Welcome to the
Terra Parent Forum Newsletter
About this Newsletter
The Hey Terra! Parent Forum Newsletter helps you build healthier relationships
with your teenage sons and daughters. This free newsletter features parenting tips, recommended parenting
books, letters from parents about their teens, letters from teens about their parents, and a schedule of
events where parents and teens can hear Annie Fox live.
Happy Mother's Day!
Thank you for everything you do to support
your child's emotional growth!
May Parenting Article –
“But I work better under pressure!”
by Annie Fox, M.Ed.
|“Offer your services as a ‘consultant’ during
this end-of-semester crunch. You can help your teen get organized so that he will be more in control (that’s
a big selling point) and less stressed (something everyone wants).”
The balmy breezes of summer are just one calendar page away. But there are days when it feels like getting to Mars
would be simpler than reaching the semester’s end in one piece. Finals, terms papers and end of the year projects
are likely to be stressing out your middle or high school student. Add an upcoming prom, a play or concert with last
minute rehearsals, and/or a post-season tournament and the pressure mounts. Maybe your teen is also looking at 8th
grade or 12th grade graduation and dealing with anxiety about the transition into the “next chapter.”
With all this going on during the “merry month of May” and the early part of June, even the most even-tempered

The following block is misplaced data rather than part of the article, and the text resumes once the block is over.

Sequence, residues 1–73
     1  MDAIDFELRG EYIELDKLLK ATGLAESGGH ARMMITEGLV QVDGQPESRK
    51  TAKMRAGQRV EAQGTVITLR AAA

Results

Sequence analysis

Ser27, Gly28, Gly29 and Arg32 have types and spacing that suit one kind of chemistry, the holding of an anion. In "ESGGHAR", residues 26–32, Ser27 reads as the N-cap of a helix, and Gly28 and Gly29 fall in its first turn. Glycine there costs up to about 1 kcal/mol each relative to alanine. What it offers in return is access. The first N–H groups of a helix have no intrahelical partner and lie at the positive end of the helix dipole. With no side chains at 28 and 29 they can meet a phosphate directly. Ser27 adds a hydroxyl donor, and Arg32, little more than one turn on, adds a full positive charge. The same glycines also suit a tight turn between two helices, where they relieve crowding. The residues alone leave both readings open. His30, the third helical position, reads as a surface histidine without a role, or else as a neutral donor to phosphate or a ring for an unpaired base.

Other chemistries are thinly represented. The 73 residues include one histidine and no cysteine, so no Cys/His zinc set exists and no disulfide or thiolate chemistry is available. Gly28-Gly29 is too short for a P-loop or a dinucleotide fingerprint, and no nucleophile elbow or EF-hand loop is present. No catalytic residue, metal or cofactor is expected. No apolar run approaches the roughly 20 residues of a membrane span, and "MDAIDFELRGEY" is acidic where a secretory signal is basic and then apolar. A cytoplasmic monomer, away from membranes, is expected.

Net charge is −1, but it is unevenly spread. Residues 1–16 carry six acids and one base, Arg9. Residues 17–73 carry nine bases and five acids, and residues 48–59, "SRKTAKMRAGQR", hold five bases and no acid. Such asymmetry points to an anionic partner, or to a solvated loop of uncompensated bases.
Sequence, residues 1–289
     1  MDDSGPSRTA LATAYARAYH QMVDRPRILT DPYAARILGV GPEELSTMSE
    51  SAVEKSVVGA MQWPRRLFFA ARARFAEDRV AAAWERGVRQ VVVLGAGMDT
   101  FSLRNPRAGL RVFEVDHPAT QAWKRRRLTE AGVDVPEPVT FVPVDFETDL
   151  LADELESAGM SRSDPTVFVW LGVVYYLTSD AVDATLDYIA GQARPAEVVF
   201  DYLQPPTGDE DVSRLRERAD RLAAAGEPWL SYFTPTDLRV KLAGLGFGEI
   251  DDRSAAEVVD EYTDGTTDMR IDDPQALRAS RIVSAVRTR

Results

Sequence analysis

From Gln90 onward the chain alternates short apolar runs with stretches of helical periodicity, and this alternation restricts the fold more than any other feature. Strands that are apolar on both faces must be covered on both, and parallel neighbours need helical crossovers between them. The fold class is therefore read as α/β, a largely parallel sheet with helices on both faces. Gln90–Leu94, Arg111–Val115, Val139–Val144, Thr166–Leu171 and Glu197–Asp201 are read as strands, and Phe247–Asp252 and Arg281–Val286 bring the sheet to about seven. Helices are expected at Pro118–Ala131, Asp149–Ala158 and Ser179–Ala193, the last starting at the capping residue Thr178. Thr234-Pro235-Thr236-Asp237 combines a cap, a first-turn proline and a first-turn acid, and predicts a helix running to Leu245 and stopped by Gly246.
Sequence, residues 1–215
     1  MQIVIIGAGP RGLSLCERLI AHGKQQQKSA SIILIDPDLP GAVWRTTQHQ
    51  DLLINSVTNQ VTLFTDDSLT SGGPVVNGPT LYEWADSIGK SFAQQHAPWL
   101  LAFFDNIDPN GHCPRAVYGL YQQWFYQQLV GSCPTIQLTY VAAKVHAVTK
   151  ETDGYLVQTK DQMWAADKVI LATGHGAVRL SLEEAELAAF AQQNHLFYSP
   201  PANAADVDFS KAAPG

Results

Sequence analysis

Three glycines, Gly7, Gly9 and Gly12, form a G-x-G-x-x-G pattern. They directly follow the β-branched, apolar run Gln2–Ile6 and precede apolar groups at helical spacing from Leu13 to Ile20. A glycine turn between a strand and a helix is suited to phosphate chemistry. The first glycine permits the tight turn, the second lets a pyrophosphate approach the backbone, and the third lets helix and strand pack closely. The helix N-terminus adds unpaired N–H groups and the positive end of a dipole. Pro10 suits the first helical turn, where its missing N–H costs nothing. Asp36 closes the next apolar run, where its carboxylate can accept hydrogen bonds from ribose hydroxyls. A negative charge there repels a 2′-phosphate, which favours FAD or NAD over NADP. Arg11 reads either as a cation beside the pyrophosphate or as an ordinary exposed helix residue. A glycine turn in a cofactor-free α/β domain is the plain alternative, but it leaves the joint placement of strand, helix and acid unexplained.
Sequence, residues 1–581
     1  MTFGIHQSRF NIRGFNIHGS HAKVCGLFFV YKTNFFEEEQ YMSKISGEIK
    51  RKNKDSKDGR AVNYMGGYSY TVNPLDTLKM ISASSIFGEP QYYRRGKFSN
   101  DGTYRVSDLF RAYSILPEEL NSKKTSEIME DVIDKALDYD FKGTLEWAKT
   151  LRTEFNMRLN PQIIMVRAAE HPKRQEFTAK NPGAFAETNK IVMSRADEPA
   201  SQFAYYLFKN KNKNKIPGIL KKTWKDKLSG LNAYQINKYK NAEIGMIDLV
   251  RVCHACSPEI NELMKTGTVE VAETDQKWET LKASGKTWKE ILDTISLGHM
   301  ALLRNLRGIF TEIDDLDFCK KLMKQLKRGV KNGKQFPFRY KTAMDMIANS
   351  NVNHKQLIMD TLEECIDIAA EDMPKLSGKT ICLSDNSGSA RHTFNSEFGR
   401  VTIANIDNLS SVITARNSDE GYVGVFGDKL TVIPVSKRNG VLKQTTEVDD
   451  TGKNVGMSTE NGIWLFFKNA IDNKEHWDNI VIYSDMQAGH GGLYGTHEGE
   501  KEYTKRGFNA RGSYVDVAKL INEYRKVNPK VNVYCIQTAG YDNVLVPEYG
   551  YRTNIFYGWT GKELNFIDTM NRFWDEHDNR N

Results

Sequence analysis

child can turn into an anti-social monster who is impossible to live with.
What about taking some time to relax and think about all this stress and what it’s doing to your child and
to your whole family? Sounds good, Annie, but who’s got the time? Besides, we’re too stressed to
think about stress!...
Continue reading the rest of the
Annie Recommends a Great Parenting Book
Cain, Protecting the Emotional Life of Boys by
Dan Kindlon, PhD & Michael Thompson, PhD. This book celebrates ‘real’ men and explores
what’s needed to raise one. The authors are clinical psychologists
whose work with boys and men gives them a unique perspective. It boils down to this: human beings have all kinds of emotional
reactions to what happens to them. Because boys in our culture are too often short-changed when it comes to receiving a good
emotional “education,” they suffer. They don’t have the vocabulary or the practice expressing themselves
in the language of feelings. They don’t have male role models that display ready access to the full range of human
emotions. (“Macho-men/superheroes/Sports SuperStars” show their “power” in physical strength, cutthroat
competition, and aggression.)
Our boys grow up with this distorted view of “manhood” and then hit the rocky road